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Lords of The Ring: Ed Budde, a key player of the Super Bowl IV champions

Lords of the Ring is a series that highlights the careers and personal lives of the greatest Chiefs of all time.

Rod Hanna USA TODAY Sports

NOTE: The first installment of this series is a little bit different and more personal than the others will be. Ed Budde is part of the reason I am with Arrowhead Pride today.

The year was 2001. It was around 4:30 am. I was working the graveyard shift at the Phillips 66 on the corner of Blackbob road and 151st street in Olathe, Kansas. I was standing at the counter with my nose buried in a copy of David Landes’ 658-page book “Wealth and Poverty of Nations.”

The bell over the door chimed — and when I looked up, the first thing I saw was a Super Bowl ring on a bratwurst-sized finger. As it turned out, that finger belonged to seven-time Kansas City Chiefs Pro Bowl offensive guard — and Ring of Honor member — Ed Budde.

Born November 2, 1940, Budde played college football at Michigan State under the tutelage of the great Duffy Daughtery, who was one of the first college coaches to field a racially integrated team.

According to an interview Budde gave to, while recruiting him, Daughtery got Budde to commit to the Spartans by promising that he could live in married housing. By that time, Ed was already married to his high school sweetheart Carolyn. Two years before, she had given birth to future Chiefs guard Brad Budde.

Due to his speed and athleticism, Budde earned the starting job at tackle almost right out of the gate. In 1962, MSU was ranked second in rushing — and Budde earned All-American honors.

Later that same year, he was selected in the first round of both the NFL and AFL drafts. The NFL’s Philadelphia Eagles wanted him to play defense, but the AFL’s Chiefs wanted him to stay on offense. Partially because another future Ring of Honor member — tight end Fred Arbanas — was already in Kansas City, Budde chose the Chiefs over the Eagles. A teammate of Budde’s at Michigan State, Arbanas had convinced him that head coach Hank Stram’s brand of football was exciting — and that he would want to play in the AFL.

Flashing forward to that night 2001, Budde gave me a once-over. “Reading that book for school?” he asked.

Unable to take my eyes off the Super Bowl ring, I muttered something like, “No, I just like to read.”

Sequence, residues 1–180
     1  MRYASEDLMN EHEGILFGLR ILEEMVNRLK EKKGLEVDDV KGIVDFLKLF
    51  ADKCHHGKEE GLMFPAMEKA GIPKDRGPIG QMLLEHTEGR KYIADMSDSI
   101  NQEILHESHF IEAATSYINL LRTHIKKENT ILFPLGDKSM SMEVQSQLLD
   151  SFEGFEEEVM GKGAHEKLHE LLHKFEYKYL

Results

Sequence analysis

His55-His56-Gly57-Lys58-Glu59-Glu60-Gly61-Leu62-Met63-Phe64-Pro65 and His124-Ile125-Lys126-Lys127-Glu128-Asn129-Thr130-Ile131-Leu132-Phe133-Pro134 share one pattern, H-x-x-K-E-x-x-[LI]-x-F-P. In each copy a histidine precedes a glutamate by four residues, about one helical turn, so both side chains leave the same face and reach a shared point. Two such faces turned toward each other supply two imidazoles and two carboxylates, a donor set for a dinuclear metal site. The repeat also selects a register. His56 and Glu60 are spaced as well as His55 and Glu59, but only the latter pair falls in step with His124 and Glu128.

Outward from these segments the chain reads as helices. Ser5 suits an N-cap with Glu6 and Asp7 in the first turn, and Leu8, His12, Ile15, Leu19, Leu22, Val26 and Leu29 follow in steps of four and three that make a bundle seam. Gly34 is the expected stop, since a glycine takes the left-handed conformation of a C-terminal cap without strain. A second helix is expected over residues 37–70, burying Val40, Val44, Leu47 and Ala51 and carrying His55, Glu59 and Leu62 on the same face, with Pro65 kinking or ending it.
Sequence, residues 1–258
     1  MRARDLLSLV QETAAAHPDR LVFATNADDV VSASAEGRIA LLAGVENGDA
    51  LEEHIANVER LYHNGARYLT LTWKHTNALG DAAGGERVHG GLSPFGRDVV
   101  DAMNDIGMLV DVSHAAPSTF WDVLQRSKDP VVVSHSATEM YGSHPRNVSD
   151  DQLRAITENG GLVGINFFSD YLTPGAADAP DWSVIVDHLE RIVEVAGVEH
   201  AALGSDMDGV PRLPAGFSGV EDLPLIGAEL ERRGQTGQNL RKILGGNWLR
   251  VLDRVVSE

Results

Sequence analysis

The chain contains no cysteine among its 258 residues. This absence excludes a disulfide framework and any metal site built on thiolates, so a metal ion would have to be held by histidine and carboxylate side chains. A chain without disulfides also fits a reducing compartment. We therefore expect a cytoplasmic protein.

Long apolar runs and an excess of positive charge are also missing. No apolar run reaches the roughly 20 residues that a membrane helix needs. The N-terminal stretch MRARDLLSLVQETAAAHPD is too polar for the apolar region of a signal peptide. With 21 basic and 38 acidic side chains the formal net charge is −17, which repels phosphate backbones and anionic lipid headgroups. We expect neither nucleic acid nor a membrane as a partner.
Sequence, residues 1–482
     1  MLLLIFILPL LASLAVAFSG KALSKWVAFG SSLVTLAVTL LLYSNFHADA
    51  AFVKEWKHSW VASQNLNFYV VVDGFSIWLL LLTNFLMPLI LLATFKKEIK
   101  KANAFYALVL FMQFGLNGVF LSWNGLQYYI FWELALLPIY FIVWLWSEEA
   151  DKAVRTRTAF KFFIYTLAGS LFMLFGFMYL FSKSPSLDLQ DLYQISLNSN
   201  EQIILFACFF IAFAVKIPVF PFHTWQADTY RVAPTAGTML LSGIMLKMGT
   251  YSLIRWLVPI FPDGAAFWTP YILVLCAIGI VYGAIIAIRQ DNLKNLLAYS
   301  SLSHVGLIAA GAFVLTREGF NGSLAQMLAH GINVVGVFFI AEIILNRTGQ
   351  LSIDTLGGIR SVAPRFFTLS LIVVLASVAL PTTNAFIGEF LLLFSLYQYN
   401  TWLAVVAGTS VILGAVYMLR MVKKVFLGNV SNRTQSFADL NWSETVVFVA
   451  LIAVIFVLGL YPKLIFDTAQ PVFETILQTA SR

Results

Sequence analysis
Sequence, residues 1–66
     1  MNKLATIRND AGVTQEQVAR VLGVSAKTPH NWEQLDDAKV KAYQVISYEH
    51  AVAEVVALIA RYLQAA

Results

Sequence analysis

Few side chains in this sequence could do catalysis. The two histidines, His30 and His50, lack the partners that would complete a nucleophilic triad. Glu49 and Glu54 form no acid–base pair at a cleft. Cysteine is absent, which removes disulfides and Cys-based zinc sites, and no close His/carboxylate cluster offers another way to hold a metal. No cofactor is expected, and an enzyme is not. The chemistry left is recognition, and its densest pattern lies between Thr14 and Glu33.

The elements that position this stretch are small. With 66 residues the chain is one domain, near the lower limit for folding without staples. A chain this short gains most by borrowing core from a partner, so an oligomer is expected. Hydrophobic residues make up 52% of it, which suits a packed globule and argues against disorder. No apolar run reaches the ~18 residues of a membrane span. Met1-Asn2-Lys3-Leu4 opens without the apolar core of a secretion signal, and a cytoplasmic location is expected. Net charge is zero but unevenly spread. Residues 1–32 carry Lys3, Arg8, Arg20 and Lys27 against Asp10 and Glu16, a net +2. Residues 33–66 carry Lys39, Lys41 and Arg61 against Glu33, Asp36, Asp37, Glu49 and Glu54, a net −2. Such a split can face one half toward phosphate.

He noticed I was staring at his ring. “Would you like to try it on?” he asked.

“Are you serious?” I stammered.

Sliding the ring off his massive finger, he handed it to me. I placed it on my hand. It was so loose that I probably could have fit two fingers into the dang thing. I moved the ring to my thumb. Still, it just dangled there.

I was spellbound. The weight... the size... the meaning. It was a Super Bowl ring. And it was on my hand.

In Week 7 of the 1968 season, the Oakland Raiders came into Municipal Stadium. They were nipping at the heels of the Chiefs, who stood in first place of the AFL’s Western Division. Going into the game, the Chiefs found themselves without a single healthy wide receiver. So Stram concocted a smash-mouth game plan built around the T formation, which consisted of three running backs, two tight ends and no wide receivers. (Today, we would call this a 32 personnel package).

The strategy worked. On the backs of Budde and the rest of the big boys up front, Kansas City shoved the pigskin down Oakland’s throat, with 60 rushes for over 300 yards in a 24-10 victory.

After the game, Budde’s fellow lineman Dave Hill told him, “It was the best game an offensive lineman can have.”

For his efforts, Budde was awarded AFL Offensive Player of the Week. He was the first interior lineman to ever receive the honor.

But perhaps Budde’s greatest moment was the following year — during Super Bowl IV. In the second quarter, Budde stuck his helmet into the gut of the Minnesota Vikings’ Paul Dickson (wearing no. 76), opening the hole for running back Mike Garrett to rush into the end zone in the famous “65 Toss Power Trap” play that Stram had sent in from the sidelines. The play sealed the Kansas City victory, earning the franchise its first Super Bowl trophy.

Kansas City Chiefs via
Kansas City Chiefs via
Kansas City Chiefs via

At the gas station, I handed his Super Bowl ring back to Budde. “If you could be anything,” he asked me, “what would you be?”

“A writer,” I replied.

“A writer?”


“Well, then I better get your autograph. That way, when you’re famous, I can say I met you.”

Wait — what? I thought to myself. Ed Budde wants my autograph?

I took some receipt paper, scrawled my signature across it, and handed it back to him. About that time, his wife Carolyn walked through the door.

He introduced me to her. “This is Rocky,” he said. “He’s going to be a famous writer, so I got his autograph.”

20 years later, the thing that still sticks with me is that I was the one who should have asked for his autograph — not the other way around. But Ed Budde is the sort of guy who makes a random 20-year-old kid feel important.

I’m not famous — but I am a writer.

Thank you, Mr. Budde, for making me feel like my goals were within my reach.

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